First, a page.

Ted Sorensen, of "Ask not what your country can do for you" fame, gives his interpretation of today's inauguration and speech to the Guardian:
My experience is that great speeches are frequently in the eye of the beholder: Obama is so respected, even beloved, around the world that I think the speech will be hailed.
I have been speaking for two years of the parallels between Obama and Kennedy: two young senators, Kennedy even younger than Obama, two men committed to peace. Two men with progressive domestic policies and a multilateral foreign policy. Two men who reached out to young people and brought them into the campaign, and now, in Obama's case, bringing them into government.President Kennedy, I am sure, would be beside himself with joy at today's events, having turned our country around in its attitudes towards our black citizens, with his speech to the nation, and then his legislation to Congress in June 1963.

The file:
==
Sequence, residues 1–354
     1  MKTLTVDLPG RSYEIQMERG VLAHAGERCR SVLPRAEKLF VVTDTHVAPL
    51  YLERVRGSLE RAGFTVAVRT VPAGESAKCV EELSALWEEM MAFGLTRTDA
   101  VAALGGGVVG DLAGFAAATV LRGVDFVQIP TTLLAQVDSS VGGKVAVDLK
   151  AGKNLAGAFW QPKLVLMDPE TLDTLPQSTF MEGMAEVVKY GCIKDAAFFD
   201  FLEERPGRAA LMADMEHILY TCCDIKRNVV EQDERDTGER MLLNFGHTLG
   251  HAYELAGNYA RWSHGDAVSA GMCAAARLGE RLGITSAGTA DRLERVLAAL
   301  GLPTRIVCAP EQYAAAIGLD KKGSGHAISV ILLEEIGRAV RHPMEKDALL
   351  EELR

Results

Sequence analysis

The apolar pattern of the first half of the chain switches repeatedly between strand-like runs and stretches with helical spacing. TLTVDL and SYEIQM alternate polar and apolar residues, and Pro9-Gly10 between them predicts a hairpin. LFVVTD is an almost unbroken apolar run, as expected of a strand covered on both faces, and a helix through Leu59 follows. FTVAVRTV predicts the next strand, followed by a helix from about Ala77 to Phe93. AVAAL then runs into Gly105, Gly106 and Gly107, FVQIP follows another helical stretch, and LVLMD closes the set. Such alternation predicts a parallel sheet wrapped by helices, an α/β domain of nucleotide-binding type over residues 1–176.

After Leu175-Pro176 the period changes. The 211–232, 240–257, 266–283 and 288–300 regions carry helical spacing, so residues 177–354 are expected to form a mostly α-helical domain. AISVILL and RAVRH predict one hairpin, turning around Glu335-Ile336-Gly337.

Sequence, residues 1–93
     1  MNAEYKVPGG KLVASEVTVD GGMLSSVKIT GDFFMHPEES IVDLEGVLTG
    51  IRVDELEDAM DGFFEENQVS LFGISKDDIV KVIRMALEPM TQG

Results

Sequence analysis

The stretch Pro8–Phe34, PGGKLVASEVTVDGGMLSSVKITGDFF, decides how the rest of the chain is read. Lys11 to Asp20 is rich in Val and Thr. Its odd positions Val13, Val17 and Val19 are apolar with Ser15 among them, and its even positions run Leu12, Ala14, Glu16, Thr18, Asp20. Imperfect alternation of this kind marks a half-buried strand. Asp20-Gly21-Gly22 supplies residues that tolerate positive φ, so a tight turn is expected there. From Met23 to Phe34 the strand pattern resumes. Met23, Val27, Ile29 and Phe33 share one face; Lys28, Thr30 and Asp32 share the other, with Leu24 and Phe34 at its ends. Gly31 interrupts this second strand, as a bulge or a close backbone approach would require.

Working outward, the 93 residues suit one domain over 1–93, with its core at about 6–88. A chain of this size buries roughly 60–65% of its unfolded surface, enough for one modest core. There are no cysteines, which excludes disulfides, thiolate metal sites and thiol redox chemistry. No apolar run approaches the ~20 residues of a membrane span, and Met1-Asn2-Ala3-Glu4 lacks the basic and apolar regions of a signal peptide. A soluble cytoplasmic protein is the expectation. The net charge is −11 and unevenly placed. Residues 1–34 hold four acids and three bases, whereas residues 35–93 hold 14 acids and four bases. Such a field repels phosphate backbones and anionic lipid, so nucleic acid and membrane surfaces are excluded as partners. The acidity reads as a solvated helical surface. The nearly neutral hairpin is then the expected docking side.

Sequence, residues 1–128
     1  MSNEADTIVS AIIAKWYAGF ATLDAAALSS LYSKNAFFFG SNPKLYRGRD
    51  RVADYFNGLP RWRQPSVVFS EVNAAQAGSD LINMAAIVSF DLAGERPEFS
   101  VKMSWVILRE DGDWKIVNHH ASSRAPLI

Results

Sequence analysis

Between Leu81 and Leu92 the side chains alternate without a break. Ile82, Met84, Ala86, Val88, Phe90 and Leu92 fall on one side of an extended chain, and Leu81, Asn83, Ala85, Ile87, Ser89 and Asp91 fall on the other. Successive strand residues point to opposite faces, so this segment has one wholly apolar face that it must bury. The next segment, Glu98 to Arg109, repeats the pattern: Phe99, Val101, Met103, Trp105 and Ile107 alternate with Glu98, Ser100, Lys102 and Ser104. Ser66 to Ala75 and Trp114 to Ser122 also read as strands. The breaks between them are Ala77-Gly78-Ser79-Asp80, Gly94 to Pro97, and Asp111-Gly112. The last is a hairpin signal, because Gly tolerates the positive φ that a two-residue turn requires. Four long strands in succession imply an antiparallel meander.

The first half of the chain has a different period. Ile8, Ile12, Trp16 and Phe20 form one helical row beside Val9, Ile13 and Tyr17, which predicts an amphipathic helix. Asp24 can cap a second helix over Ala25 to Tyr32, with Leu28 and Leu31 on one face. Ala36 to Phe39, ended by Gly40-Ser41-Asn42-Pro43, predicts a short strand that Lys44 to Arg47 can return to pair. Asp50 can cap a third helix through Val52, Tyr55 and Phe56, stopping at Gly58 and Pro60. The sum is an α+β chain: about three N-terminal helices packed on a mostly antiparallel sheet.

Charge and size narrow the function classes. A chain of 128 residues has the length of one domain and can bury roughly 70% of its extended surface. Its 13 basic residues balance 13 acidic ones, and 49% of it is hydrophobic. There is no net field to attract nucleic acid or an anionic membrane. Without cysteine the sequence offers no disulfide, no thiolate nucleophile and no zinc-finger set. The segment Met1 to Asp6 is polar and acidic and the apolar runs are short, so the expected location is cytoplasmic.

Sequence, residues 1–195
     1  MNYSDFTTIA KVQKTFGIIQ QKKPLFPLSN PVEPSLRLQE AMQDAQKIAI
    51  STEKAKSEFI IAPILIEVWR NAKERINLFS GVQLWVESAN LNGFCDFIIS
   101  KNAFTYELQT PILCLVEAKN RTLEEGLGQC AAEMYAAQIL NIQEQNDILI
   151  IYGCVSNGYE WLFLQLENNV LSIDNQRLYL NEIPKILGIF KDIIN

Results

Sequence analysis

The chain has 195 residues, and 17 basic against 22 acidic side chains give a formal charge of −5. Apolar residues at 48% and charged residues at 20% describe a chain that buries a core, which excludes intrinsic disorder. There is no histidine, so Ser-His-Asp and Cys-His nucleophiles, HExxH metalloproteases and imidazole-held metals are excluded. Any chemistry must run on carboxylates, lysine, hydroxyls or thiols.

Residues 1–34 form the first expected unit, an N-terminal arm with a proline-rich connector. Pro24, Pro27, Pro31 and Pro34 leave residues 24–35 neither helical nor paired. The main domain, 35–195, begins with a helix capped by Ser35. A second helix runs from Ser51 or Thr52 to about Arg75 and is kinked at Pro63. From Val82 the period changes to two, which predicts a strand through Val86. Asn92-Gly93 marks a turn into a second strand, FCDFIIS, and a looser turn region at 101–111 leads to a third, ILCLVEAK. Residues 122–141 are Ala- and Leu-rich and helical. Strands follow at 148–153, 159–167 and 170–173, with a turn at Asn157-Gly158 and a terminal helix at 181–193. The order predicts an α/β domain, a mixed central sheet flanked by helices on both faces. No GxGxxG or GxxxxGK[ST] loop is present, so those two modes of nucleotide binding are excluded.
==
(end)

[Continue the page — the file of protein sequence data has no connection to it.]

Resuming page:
The very idea of a black man being elected president, when in those days blacks could not be elected to almost any office, including the House of Representatives; he would think it was a wonderful day for America